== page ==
Cost Breakdown:
nuts: $4
vegetables: $6
olives, oil, lemon: $1
flax seeds, sunflower seeds, olives: $3
Total to annoy 3 kids and feed 2 adults:

Jul 5, 2010

raw kale salad with sun-dried tomato + chili-crusted cheese

Kale salad was the first food I remember eating raw (Excluding the obvious raw fruits and vegetables. You know what I mean.) I was fortunate enough to be friends with a few ladies in California who were interested in raw preparation and invited a chef to show us how to cook live food. The first thing she made was this salad and David and I were hooked. In fact, he ate too much the first time I made it!
Lesson to those wishing to make this :)

To prepare kale raw, you need to massage the kale with the dressing; this breaks down the cell walls of the kale, not just making it more palatable but ensuring that your body can get to those powerhouse nutrients. 

The cheese (dip or spread) I made using nuts and sun-dried tomatoes, lemon, grape tomatoes, and then I rolled it in chili flakes. The cheese might be spicy (and of course you do not have to roll it in hot chili) but the kale and the crackers cool things down. The cracker is sun tomatoes, peppers, flax seeds, ground and dehydrated. I will make a whole batch and they keep really well in a tightly sealed jar.

Cost Breakdown:
2 bunch kale -$4
shiitake -  $2
onion, garlic, tomato: $2
crackers: $2
avocado and lemon - $2.50
  sun-tomato and almonds- $3
Total to feed a family of 8:

Jun 28, 2010

raw tacos two ways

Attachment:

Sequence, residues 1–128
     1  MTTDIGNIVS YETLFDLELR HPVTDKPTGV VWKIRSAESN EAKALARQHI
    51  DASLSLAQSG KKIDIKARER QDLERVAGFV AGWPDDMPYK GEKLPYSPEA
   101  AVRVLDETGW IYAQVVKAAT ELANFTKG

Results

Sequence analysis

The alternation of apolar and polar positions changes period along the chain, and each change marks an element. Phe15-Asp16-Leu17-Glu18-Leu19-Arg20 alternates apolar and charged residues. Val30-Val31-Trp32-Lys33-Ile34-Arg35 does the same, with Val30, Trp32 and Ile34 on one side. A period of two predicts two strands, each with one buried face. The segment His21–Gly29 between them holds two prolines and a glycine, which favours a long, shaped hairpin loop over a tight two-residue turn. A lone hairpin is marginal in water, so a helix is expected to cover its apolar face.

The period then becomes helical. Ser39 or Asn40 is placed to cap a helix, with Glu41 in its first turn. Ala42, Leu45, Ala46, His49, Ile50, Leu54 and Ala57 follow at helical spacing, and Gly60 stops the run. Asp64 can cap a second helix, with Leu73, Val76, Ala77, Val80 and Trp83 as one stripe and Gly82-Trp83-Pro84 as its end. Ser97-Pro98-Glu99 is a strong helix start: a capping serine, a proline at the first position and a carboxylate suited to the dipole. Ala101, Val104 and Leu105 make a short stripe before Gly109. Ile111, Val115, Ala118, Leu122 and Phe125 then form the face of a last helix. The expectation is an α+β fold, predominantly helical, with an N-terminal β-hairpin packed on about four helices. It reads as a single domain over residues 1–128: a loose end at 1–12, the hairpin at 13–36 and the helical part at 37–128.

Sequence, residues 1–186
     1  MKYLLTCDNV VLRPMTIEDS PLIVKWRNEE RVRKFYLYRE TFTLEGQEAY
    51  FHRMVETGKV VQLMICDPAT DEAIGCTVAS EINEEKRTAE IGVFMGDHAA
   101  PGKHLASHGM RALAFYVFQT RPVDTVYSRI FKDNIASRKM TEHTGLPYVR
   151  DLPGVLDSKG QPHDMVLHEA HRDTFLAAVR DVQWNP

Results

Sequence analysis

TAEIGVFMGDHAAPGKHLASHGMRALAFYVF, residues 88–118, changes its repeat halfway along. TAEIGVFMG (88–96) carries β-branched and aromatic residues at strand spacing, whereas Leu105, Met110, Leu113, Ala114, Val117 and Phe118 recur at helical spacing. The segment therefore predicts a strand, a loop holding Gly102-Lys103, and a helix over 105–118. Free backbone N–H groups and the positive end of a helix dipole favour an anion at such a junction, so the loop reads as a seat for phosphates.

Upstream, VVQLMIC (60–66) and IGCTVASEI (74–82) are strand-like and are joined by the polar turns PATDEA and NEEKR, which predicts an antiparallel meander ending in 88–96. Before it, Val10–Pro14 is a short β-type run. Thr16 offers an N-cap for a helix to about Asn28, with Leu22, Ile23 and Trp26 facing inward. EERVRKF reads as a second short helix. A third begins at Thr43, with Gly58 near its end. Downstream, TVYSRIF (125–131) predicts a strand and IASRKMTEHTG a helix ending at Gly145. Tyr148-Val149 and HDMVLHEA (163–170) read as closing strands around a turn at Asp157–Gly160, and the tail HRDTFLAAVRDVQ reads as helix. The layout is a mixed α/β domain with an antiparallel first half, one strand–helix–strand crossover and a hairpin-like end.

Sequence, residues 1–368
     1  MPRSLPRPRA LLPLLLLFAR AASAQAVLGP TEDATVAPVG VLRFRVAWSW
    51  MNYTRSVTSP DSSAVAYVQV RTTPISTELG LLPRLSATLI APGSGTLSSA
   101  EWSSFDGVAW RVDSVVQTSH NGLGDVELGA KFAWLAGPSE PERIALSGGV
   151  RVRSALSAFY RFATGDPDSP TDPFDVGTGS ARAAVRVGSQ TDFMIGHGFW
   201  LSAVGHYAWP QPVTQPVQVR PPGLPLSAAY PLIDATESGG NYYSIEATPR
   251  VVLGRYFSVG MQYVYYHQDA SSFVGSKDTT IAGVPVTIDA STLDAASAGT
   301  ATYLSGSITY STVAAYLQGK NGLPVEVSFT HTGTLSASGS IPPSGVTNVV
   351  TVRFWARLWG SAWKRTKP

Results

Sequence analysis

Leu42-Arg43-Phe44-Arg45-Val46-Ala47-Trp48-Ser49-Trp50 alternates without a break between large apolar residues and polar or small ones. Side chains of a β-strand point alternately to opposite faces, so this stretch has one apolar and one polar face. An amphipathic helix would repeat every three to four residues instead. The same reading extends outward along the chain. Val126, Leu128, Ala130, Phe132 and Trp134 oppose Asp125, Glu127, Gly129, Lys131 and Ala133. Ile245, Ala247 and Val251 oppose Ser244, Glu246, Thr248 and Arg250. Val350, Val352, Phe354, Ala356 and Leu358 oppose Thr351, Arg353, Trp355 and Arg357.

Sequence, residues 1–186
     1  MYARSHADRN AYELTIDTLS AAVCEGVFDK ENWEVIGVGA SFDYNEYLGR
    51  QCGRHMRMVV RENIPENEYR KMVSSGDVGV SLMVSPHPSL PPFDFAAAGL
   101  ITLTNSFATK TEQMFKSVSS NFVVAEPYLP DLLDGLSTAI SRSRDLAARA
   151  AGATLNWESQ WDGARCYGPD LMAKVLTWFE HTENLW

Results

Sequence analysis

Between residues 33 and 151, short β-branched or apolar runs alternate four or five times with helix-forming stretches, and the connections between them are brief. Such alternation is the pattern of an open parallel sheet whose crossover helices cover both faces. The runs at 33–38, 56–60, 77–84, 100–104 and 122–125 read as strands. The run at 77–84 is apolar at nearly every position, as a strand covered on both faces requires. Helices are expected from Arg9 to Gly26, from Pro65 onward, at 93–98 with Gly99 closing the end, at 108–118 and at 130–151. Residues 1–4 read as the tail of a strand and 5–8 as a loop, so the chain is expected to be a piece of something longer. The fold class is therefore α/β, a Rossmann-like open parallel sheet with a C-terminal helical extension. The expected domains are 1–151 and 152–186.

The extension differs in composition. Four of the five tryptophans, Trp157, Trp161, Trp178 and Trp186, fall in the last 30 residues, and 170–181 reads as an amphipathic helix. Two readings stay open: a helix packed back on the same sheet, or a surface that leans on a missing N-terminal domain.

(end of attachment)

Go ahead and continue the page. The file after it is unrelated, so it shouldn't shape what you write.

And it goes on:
Wow! This was fabulous. The inspiration came from my coffee-table cookbook, Raw, but I significantly simplified it.

One of the tacos has oyster mushrooms and fresh cut corn marinated in lime juice and a little chili sauce I made for the vinaigrette. I then dehydrated it a bit to let it 'cook.' The other taco has jicama and mango filling with guacamole. The shells I made using fresh cut corn and soaked golden flax seeds. I made my cashew sour cream, which is raw anyway. The chili vinaigrette was made by rehydrating ancho and guajillo chilies, (but any dried chili would be fine) and whisking it with lime juice, vinegar and olive oil. The sauce was super awesome!

The tacos with the sour cream and the chili vinaigrette were a mouth-watering combination.
Even picky-daughter who swore she would never eat raw had a few of these.

Cost Breakdown:
nuts and seeds: $5
olive oil and vinegars: $1
chili peppers: $.50
produce: $7
Total to feed a family of 5:

Jun 22, 2010

raw eggplant manicotti

I have decided to serve one meal a week...raw. Now if you are an adult, it may sounds intriguing, even adventurous; but, if you are a kid, not so much. Or if you are my husband. Once a year, he says, is more than enough. Unfortunately for my family, the raw meal stays. At least for now. If they start withering away, I'll reevaluate.

Tonight I made a raw eggplant manicotti. 'Cooking' raw is actually quite easy and uncomplicated, as long as a plan is in place. The eggplant needed a few hours to marinate and a few hours to dehydrate. Dinner was actually ready on time.

I totally dug this dish, but my family collectively thought otherwise.
Baby steps.

Cost Breakdown:
eggplant: $2
sun-tom: $2
tomato: $2
nuts: $4
lemon: $.50
spices, herbs and oive oil: $4
Total to feed Mom thrice and Dad once: